Breaking Down Crop Insurance Choices

March madness has a different meaning to us this year

As I mentioned a while back, we are changing crop insurance underwriters this year.  As it turns out, our agent suggested we part ways, so we are "interviewing" agents.  The addition of many private products and riders hasn't made choices any easier.

Let's start with the basics: the premiums for federal crop insurance are the same no matter where you chose to purchase it. One agent this week gave the stat that the producer (farmer) pays on average 38% of the premium, the balance is subsidized by the government. The subsidized portion goes down as a producer elects higher coverage levels.

'Private' products are one of the differentiating factors between agencies. In the past five years many companies have launched programs to supplement the federal programs. Not that the goal of the federal coverage is to make payouts, but the goal behind the private programs is definitely to make money, just like your home/auto/business, etc.

It is important to search out the caveats of these policies. Probably the most common private product is hail insurance. Rates vary company to company; so do the termination dates (you may want to check that this date takes you through harvest). Some policies include wind and green snap while others do not.

The catch in the highly advertised Price Flex and Higher Price Options is that if the fall discovery price is higher than the spring discovery price (even though it may be lower than the rider policy price), the private policy does not make a payment. The key to the Enterprise Plus seems to be grouping the fields together into the right combinations; this has to be done by the sales closing date of March 15.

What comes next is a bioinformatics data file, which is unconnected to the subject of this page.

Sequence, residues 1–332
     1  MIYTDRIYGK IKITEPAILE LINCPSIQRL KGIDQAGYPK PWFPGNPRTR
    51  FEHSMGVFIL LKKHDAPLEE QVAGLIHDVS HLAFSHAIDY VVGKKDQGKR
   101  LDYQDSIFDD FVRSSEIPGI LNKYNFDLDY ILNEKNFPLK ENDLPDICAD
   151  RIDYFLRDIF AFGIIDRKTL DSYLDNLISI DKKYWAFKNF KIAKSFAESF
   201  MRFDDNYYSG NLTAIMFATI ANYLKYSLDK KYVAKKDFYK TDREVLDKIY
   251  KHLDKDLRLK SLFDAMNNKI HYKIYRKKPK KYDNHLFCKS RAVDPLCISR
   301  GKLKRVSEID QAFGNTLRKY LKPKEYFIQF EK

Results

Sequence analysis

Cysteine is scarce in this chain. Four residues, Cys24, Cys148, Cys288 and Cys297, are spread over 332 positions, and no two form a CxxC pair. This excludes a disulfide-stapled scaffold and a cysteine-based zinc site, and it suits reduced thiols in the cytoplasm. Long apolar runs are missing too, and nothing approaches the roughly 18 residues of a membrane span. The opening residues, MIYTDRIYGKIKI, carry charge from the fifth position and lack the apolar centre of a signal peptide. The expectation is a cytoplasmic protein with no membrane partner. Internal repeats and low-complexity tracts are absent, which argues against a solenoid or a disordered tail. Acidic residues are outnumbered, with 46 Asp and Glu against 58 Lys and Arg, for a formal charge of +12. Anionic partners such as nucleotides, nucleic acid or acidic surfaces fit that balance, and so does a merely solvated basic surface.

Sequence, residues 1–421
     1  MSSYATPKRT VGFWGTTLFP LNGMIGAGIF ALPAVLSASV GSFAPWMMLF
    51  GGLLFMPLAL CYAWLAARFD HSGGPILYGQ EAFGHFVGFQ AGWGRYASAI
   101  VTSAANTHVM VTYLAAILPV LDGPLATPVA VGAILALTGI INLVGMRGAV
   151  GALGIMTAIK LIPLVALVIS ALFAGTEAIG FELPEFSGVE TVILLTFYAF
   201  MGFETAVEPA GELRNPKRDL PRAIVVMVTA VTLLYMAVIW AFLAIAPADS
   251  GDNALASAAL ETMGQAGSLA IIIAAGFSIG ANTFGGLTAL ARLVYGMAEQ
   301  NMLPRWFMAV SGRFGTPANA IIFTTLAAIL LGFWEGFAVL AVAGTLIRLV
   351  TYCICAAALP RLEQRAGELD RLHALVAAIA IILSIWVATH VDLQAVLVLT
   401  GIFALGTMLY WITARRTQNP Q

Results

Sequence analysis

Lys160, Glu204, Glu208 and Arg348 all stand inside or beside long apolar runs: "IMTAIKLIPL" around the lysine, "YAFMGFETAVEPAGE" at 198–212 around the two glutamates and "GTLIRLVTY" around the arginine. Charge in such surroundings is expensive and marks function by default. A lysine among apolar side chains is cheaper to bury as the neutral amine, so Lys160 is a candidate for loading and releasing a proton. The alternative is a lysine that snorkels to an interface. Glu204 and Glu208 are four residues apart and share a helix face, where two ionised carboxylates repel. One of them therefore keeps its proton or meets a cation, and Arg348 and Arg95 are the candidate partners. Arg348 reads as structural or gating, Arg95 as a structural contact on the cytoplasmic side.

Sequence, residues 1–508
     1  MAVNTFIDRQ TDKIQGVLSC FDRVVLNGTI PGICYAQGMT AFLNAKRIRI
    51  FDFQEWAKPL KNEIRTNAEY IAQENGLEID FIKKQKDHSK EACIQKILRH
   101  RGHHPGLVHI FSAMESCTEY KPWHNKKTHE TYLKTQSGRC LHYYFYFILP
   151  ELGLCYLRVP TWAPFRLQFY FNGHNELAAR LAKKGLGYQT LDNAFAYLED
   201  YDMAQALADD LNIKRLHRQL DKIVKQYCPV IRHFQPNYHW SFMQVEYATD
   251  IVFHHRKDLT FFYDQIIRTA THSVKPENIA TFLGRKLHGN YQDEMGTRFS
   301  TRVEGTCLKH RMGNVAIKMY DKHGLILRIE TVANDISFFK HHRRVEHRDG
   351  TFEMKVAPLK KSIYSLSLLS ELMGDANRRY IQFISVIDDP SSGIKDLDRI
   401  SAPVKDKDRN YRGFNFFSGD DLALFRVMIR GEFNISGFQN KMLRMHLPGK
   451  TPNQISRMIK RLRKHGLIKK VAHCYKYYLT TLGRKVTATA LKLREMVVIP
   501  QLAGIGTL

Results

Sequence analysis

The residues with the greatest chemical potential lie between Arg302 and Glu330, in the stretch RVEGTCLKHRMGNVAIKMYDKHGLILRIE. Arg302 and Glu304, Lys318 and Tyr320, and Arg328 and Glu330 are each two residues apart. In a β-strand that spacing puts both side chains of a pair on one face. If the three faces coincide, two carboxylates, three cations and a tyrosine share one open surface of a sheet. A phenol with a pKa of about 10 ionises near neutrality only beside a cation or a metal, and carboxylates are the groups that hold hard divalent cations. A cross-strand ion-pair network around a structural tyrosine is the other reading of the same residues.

I know this is Greek to many of you, but bear with me, it is important for those considering crop insurance to have this information.

Related: Snow Day! Time to Look at Crop Insurance Options

So what else is left? The agents themselves are the final and deciding factor. With the unforgiving nature of crop insurance, the agent must be knowledgeable. Often, the buck stops at the producer - he is the one that has to pay the bill, and yet he is the one that feels the pinch if the coverage isn't what he thought.

There have been several rules we have learned over the years. It's never good when the agent is learning along with you. I want guidance before the issues arise. The agent also has to listen to our needs, not be on the constant sales pitch. A good agent will be prompt, and get the paperwork right. With two entities in multiple counties, I could have up to five different coverage elections, one in each county for each entity. The agent must also be patient to work through each policy.

Bottom line, what I want from crop insurance coverage is the opportunity to move forward in the event of a catastrophe. I'm not trying to make a living from crop insurance. I'm not buying a lotto ticket. We use crop insurance to cover risk, and the company collected a premium against the risk. The hope is you never need the insurance, but at the same time you shouldn't feel bad in the event you have a claim to submit.

Hide comments


  • Allowed HTML tags: <em> <strong> <blockquote> <br> <p>

Plain text

  • No HTML tags allowed.
  • Web page addresses and e-mail addresses turn into links automatically.
  • Lines and paragraphs break automatically.